Scudamore gives Grands Crus top billing as galloping grey is primed to go for Gold

Grands Crus ridden by Tom Scudamore. PA
Grands Crus ridden by Tom Scudamore. PA
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IT is ironic that the only person without a strong view on the Gold Cup credentials of the imperious novice chaser Grands Crus is the most important of all – jockey Tom Scudamore.

“It’s not my decision to make,” said the accomplished rider after labelling the galloping grey as the best horse that he has ridden. “Wherever he goes, I will be more than happy to ride him.”

Scudamore was speaking exclusively to the Yorkshire Post a week after Grands Crus powered to Grade One success in the Feltham Novices Chase in a time that was three seconds quicker than Kauto Star’s heroic King George triumph just over an hour later.

No less a judge than Sir Peter O’Sullevan, still the ‘voice of racing’, described the victory of Grands Crus as “immaculate” – while Roger Stanley, who shares ownership with Yvonne Reynolds, said their pride and joy was “70-30” more likely to run in the Cheltenham Gold Cup than the RSA Chase, the traditional championship for novice steeplechasers.

Simon Holt, Channel Four Racing’s commentator, concurs. Highlighting Kauto Star as unlikely to win a third Gold Cup, and Long Run’s jumping frailities, he observed: “The way Grands Crus travelled at Kempton was unmistakably that of a top class racehorse and a future Gold Cup winner and, if allowed to run, he will be the horse to beat in March.”

Yet, while horse racing’s narrative in 2012 will revolve around Sir Henry Cecil’s wondercolt Frankel, a proven champion who is staying in training, Grands Crus – a grey that rekindles memories of Desert Orchid and One Man – has the wow factor, a horse that could dominate jump racing for several seasons. That is why he is my horse to follow.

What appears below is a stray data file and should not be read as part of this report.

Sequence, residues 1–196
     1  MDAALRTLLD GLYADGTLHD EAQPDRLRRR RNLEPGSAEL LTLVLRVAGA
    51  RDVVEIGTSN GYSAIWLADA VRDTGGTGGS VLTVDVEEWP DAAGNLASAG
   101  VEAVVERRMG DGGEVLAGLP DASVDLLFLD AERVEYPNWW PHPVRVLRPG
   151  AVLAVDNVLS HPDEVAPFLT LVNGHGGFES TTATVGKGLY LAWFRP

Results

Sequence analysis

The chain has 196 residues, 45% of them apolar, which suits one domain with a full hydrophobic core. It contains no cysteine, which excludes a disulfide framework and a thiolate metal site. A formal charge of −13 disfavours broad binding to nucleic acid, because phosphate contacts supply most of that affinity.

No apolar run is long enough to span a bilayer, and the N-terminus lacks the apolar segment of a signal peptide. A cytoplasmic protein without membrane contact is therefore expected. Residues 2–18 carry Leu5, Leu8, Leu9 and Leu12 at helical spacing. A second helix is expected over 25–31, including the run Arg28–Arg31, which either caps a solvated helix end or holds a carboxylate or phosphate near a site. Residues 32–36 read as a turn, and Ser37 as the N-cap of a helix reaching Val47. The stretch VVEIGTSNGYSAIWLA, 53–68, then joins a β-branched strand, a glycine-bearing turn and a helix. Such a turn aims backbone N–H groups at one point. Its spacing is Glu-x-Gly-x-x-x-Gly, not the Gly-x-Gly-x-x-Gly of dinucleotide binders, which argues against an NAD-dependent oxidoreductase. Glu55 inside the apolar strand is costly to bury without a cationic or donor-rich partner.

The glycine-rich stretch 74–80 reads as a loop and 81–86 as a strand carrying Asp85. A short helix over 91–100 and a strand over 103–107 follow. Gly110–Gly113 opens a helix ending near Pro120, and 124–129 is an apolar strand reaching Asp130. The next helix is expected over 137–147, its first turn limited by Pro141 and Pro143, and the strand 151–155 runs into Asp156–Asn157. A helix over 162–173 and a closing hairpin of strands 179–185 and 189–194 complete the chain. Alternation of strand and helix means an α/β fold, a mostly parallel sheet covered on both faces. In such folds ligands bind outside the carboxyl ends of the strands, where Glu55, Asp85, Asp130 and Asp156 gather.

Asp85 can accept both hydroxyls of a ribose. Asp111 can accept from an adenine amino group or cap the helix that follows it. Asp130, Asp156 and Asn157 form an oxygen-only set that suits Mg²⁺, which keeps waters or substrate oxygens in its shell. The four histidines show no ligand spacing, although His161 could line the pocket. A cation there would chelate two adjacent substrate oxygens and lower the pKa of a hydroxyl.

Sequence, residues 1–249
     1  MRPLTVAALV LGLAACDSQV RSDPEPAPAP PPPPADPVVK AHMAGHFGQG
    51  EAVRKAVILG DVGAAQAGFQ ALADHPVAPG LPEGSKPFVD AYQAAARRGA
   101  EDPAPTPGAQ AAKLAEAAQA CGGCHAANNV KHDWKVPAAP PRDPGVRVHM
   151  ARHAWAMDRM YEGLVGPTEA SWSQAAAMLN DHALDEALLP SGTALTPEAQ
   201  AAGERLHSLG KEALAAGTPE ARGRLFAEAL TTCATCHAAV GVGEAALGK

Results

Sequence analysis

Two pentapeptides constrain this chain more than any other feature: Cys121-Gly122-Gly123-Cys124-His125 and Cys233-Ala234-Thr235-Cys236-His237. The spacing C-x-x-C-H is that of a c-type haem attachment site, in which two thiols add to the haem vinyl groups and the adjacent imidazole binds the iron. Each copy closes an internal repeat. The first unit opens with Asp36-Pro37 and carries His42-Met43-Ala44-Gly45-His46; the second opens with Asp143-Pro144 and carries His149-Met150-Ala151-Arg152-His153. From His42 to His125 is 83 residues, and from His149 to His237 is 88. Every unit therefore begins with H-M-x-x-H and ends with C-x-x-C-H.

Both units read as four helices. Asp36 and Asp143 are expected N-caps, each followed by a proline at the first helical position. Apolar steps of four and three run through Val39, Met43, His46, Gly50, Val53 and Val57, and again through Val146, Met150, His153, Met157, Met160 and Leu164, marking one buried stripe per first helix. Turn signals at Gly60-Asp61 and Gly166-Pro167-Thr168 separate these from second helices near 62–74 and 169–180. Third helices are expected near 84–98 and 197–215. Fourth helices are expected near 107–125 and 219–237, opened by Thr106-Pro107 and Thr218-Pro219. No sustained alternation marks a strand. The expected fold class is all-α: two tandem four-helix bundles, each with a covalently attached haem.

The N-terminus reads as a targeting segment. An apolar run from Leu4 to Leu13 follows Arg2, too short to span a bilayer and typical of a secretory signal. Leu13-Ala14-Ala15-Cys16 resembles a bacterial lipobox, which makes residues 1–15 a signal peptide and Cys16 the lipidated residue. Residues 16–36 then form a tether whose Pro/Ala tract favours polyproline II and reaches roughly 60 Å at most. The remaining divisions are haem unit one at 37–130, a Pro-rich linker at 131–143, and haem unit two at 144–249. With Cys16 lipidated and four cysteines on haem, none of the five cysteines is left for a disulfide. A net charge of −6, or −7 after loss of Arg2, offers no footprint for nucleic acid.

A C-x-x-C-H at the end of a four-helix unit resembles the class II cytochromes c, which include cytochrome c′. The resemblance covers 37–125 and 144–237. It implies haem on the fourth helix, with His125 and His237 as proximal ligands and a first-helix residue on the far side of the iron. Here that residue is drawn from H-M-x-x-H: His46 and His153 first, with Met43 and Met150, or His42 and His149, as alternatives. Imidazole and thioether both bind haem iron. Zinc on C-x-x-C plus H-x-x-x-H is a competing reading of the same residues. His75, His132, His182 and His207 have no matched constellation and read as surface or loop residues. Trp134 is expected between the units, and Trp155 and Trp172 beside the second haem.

The last novice to win the Gold Cup was Captain Christy. Victorious in 1974, he had fallen in two of his previous six runs over fences and was trained by Pat Taaffe, who had ridden the legendary Arkle to three triumphs in Cheltenham’s blue riband race.

Since then, 20 novices have contested the race, with the best performance coming from Dorans Pride who was third to the AP McCoy-inspired Mr Mulligan in 1997.

Yet David Pipe, the trainer of Grands Crus, is acutely aware that his father Martin’s novice chaser Gloria Victis suffered a heartbreaking fatal fall at the penultimate fence of the 2000 renewal when still in contention.

It is understandable, therefore, that connections want to keep their options open – Grands Crus, a gallant runner-up to the mighty Big Buck’s in last year’s World Hurdle, has only raced three times over fences, albeit winning each contest with aplomb.

However, Scudamore also knows the RSA Chase can leave a mark on winners – only Denman has won this contest, and then the Gold Cup, in the past decade.

Grands Crus, says Scudamore, is likely to reappear in Cheltenham’s Argento Chase, a proven Gold Cup trial, at the end of the month when this imposing seven-year-old takes on established steeplechasers for the first time.

“Just how good is he? I don’t know,” said the engaging jockey. “He was just very, very straight-forward at Kempton.

“I know it is boring but you can’t ask for any more than that in a Grade One race against top class horses.